No such requirement at Boohoo.Com (LON:BOO)

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Samsgrandad 28th Sep '16 12 of 19

I feel Moss Bros are trading on a past reputation for hiring which they aren't living up to. How difficult is it to supply clothes which fit on the big day. Coincidentally my local store has closed.

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VickiG 28th Sep '16 13 of 19
4

Have used Cocosa approx a dozen time over the last 6 months. Extremely efficient delivery system and well packaged goods. Bought shares on the back of the levels of service plus the quality and variety of discounted labels keeps on improving month on month.

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Damien84 28th Sep '16 14 of 19
2

G4M Very interesting imo.

I think market forcasts for Year end 02/17 are for about 48.7M revenue and 1.6M PTP.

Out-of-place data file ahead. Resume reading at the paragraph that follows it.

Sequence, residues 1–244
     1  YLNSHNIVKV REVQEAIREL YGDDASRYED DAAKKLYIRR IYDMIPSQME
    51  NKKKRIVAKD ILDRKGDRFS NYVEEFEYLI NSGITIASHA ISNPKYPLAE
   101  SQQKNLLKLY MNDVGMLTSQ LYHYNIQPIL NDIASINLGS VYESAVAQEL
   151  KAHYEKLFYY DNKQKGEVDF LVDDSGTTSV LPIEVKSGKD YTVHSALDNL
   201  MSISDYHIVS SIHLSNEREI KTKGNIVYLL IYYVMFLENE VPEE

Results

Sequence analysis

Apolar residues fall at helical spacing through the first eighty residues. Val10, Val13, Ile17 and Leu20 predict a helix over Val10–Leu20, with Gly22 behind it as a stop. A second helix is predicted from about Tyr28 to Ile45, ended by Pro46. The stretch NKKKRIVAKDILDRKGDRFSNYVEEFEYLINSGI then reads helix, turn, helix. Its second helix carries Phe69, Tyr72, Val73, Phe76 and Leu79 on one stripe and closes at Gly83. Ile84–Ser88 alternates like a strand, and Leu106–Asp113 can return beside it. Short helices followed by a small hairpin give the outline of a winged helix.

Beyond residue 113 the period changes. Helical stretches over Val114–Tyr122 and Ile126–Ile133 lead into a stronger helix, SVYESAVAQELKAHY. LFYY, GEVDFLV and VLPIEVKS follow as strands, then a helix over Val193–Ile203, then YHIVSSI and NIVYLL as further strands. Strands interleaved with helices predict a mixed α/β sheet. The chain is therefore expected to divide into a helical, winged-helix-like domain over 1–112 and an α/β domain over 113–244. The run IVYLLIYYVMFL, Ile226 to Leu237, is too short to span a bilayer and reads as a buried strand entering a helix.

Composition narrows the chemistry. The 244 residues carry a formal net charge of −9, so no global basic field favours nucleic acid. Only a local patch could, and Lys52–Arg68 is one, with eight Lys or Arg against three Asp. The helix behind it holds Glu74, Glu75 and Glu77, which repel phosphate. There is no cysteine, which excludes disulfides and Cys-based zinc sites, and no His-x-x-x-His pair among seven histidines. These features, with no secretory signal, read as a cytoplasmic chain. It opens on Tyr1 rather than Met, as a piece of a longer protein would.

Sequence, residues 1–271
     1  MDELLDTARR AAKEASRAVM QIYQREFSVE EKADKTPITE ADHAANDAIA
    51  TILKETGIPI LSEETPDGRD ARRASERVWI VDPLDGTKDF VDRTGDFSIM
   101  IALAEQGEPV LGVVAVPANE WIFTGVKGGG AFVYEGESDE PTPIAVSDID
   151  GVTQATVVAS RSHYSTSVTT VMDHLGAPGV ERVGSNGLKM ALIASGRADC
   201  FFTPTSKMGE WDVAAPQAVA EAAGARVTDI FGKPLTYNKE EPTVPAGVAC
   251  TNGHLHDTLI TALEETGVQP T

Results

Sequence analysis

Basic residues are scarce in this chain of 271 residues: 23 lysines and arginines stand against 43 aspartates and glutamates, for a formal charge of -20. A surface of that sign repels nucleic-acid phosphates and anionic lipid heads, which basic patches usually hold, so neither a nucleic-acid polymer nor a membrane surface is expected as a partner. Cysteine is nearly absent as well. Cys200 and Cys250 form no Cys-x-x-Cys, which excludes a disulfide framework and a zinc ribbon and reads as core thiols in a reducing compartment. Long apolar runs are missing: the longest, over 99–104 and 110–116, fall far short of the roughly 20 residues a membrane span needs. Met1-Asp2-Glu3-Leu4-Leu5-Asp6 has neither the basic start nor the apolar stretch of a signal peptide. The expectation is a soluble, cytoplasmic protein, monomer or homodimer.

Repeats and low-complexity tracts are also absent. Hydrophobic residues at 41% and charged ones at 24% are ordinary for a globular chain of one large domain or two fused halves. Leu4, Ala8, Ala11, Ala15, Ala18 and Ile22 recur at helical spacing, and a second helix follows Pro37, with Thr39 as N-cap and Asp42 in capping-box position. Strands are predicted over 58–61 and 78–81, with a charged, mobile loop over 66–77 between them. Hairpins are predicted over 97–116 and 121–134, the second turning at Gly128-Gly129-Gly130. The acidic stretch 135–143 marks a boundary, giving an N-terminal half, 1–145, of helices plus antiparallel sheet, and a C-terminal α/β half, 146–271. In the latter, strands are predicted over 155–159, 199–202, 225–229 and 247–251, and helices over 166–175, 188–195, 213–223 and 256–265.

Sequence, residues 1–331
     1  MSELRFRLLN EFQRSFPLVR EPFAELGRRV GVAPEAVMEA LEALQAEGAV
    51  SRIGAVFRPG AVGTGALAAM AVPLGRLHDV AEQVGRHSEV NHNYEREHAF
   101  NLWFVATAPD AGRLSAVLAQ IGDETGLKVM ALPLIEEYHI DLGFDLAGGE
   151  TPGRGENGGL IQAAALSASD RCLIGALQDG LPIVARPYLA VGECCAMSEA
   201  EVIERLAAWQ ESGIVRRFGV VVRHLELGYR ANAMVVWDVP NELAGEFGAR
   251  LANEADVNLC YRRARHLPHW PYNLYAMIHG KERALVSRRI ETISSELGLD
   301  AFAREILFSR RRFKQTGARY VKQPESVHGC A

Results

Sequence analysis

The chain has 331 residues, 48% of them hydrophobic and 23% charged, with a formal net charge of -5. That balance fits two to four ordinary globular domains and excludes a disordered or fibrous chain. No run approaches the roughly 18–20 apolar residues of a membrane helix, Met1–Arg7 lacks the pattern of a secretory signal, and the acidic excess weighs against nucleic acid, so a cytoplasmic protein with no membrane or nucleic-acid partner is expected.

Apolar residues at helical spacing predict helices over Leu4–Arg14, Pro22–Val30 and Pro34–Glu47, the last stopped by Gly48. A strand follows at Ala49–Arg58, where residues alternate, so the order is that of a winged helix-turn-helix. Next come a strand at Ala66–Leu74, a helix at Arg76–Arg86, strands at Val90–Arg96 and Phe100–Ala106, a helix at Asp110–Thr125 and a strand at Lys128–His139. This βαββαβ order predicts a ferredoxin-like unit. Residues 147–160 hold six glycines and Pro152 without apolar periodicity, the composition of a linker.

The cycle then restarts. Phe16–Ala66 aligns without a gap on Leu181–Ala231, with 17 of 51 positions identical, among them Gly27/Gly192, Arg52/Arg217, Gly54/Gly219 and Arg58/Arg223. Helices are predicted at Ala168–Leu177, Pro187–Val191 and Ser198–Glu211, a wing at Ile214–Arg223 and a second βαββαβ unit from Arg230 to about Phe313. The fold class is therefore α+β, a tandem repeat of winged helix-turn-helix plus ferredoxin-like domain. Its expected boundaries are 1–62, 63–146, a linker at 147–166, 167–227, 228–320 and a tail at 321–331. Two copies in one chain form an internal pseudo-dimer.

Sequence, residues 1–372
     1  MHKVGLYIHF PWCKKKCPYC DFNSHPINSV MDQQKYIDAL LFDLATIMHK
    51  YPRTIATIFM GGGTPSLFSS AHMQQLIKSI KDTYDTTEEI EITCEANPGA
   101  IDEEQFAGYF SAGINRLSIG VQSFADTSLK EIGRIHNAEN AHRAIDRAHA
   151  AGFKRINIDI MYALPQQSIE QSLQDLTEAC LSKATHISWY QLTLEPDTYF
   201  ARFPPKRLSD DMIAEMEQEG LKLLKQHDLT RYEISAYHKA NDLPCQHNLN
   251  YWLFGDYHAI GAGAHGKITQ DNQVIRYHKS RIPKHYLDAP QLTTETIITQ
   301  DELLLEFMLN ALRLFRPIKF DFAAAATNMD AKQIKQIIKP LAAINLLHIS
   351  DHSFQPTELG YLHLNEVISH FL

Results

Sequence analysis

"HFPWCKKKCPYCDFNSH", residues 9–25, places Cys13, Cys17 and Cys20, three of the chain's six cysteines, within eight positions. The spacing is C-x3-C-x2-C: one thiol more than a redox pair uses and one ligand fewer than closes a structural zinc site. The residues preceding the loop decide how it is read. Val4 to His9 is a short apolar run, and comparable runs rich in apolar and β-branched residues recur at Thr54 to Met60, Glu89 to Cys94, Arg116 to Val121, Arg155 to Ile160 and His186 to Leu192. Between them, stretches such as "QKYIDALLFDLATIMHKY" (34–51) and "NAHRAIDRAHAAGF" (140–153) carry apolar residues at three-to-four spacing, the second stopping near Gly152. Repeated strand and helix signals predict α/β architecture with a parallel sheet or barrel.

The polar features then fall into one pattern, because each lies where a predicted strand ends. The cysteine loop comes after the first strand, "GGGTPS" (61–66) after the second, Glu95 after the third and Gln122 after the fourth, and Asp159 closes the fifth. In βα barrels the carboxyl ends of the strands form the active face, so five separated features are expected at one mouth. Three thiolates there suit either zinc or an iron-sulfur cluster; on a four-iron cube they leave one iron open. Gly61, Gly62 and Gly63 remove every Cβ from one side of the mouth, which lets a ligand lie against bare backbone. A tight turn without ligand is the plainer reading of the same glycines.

Going by there last trading statement its looking very likely that this will be beat, Interim results due 18th of next month will give the market alot more to go on. If they state that they are trading ahead of of these figures then that could take the shares above £3

All imo.

| Link | Share | 1 reply
Paul Scott 28th Sep '16 15 of 19
2

In reply to post #152021

Hi Damien84,

Yes I agree re G4M. It appears that the company is trading way ahead of Panmure's forecasts. Indeed, they could achieve next year's forecast turnover, this year (based on the most recent update reporting H1 top line growth of +73%).

I filled my boots with this one a few weeks ago, as the market seems to go crazy for big top line organic growth, and is less bothered about margins during the strong growth phase.

Regards, Paul.

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Paul Scott 28th Sep '16 16 of 19
1

In reply to post #151946

Hi drvodkaquickstep,

Touchstar (LON:TST) used to be called Belgravium. I followed it for years, and it never really went anywhere - profits oscillating up & down. It's reported interim profit today of just £219k. It's a tiny company, market cap only about £5m. I can't see why it's listed. I've held this share before, and you can't get out when you want to, if the market is going wobbly. Not worth the risk in my view.

Regards, Paul.

| Link | Share | 1 reply
shine66 28th Sep '16 17 of 19
4